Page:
As part of Second Sundays December, join Pioneer Works Press as we celebrate the soft release of CHARAS: The Improbable Dome Builders by Syeus Mottel, republished in partnership with The Song Cave.

In 1970 on New York’s Lower East Side, Chino Garcia, Humberto Crespo, Angelo Gonzalez, Jr., Roy Battiste, Moses Anthony Figueroa, and Sal Becker — “CHARAS,” as they called themselves — broke ground to construct a geodesic dome on a vacant lot beneath the Manhattan Bridge following a meeting with revolutionary architect R. Buckminster Fuller. Physically altering the housing conditions in their immediate neighborhood, the group sought to reclaim public space and develop programs for community autonomy. Originally published in 1973, this expanded edition acts as a record to highlight ways communities activate empty spaces before gentrification.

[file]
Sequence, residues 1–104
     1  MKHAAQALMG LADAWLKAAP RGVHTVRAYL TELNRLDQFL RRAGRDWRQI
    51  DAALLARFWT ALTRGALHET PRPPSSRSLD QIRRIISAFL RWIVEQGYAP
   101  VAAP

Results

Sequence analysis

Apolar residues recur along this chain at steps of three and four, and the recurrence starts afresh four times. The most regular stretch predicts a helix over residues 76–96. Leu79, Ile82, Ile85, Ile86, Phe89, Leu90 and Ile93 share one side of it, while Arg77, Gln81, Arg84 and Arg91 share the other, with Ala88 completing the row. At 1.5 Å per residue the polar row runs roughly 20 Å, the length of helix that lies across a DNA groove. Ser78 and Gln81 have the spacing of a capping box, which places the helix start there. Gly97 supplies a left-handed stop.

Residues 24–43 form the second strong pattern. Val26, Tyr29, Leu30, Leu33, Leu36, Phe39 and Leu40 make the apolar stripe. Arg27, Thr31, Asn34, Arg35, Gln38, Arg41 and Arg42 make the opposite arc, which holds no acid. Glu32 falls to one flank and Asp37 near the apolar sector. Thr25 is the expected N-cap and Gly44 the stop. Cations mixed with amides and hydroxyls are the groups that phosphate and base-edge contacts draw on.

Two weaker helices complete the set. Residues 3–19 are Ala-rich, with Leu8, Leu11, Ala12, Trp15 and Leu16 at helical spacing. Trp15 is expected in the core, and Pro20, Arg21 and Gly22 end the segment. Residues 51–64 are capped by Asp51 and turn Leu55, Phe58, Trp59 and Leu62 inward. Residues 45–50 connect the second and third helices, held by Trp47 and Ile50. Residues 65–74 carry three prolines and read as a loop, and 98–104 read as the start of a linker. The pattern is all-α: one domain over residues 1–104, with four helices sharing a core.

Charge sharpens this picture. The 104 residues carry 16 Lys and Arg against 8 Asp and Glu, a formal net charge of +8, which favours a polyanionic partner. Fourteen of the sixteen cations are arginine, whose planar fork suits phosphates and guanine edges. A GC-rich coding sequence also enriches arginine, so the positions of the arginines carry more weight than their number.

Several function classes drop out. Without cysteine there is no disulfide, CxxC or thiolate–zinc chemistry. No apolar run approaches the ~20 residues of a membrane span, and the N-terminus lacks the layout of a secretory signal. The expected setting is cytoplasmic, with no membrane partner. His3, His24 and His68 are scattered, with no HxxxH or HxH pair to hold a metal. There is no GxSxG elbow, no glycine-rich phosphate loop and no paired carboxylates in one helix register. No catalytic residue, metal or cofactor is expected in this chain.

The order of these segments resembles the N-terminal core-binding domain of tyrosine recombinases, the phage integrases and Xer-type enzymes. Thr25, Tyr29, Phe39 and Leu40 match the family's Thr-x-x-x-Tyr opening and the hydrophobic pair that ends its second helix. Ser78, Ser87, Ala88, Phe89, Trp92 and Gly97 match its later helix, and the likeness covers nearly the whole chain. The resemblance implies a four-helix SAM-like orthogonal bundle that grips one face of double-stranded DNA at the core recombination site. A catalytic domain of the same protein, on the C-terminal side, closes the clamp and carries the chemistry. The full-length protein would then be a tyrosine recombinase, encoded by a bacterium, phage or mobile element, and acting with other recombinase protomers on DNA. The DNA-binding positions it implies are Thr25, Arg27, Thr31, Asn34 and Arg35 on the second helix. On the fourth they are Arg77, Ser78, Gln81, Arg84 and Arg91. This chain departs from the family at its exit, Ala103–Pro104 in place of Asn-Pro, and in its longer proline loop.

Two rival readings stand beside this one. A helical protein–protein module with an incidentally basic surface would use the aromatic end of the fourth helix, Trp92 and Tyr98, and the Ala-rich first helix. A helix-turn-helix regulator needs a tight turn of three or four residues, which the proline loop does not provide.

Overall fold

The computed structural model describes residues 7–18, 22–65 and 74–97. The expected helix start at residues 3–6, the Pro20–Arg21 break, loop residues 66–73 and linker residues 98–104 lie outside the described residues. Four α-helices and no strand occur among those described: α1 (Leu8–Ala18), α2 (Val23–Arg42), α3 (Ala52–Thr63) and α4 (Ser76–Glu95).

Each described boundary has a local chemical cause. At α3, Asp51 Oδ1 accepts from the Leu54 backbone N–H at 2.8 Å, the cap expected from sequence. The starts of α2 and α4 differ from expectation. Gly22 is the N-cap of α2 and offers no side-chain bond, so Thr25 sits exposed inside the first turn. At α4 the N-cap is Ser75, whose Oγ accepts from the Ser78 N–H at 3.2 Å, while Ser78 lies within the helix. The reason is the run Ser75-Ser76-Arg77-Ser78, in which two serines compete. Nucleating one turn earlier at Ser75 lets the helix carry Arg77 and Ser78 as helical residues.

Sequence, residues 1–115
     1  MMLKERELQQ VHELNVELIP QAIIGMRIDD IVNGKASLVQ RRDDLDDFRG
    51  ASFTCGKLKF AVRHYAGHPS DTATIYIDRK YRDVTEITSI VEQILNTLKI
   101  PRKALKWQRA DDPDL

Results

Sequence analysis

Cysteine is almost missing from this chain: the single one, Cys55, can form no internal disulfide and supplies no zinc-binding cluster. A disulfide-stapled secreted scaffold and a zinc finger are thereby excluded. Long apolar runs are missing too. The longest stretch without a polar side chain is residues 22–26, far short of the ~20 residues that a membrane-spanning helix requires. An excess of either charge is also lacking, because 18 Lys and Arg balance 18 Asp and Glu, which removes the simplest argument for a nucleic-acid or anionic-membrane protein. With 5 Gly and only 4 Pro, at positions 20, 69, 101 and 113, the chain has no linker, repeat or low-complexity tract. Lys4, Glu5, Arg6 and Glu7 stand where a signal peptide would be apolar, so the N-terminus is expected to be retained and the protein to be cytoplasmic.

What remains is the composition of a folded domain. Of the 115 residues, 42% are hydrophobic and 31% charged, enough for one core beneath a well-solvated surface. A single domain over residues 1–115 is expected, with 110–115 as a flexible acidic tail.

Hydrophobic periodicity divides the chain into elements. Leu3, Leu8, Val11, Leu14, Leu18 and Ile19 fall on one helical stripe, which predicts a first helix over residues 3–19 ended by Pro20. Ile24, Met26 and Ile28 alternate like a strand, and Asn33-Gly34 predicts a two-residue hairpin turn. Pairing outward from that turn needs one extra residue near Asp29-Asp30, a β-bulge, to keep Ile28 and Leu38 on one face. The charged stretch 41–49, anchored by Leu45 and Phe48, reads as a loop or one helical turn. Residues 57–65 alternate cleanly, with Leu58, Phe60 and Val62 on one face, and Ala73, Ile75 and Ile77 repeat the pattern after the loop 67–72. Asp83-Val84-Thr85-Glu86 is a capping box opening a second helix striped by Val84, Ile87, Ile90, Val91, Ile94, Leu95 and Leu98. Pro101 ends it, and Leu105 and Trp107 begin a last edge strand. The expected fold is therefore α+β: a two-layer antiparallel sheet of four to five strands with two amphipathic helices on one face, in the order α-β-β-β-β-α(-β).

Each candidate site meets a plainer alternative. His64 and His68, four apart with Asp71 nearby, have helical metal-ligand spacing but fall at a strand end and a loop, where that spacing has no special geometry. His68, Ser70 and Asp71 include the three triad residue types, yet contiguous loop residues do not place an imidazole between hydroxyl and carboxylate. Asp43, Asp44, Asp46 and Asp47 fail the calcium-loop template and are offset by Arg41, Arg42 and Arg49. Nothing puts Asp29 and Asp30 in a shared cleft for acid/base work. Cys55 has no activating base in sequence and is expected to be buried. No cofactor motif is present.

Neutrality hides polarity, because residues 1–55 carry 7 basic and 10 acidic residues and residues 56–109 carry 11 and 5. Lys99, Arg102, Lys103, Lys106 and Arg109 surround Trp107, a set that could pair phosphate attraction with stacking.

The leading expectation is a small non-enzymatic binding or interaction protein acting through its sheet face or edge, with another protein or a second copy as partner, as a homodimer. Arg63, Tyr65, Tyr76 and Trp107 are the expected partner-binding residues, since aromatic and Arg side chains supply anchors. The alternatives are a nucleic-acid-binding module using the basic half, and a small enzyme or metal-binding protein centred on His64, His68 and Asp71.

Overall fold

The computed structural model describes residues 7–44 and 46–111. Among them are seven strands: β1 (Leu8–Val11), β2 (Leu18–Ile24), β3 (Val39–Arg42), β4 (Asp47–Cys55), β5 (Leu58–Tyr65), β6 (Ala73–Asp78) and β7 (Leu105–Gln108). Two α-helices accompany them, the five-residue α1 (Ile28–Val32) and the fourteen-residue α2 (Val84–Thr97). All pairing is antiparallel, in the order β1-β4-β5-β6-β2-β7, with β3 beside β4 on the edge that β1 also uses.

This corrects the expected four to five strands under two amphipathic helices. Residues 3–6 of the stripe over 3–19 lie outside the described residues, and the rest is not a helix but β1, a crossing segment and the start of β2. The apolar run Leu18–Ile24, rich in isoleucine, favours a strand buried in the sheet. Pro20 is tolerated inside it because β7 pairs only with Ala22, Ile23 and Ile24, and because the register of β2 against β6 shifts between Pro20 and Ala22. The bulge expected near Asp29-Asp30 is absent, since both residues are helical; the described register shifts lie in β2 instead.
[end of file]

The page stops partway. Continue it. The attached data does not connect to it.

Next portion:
To commemorate the story’s republication, CHARAS co-founder Chino Garcia will be in conversation with early CHARAS adviser and founder of The Sustainability Lab Michael Ben-Eli. Moderated by architect and Bernard and Anne Spitzer School of Architecture Professor Nandini Bagchee.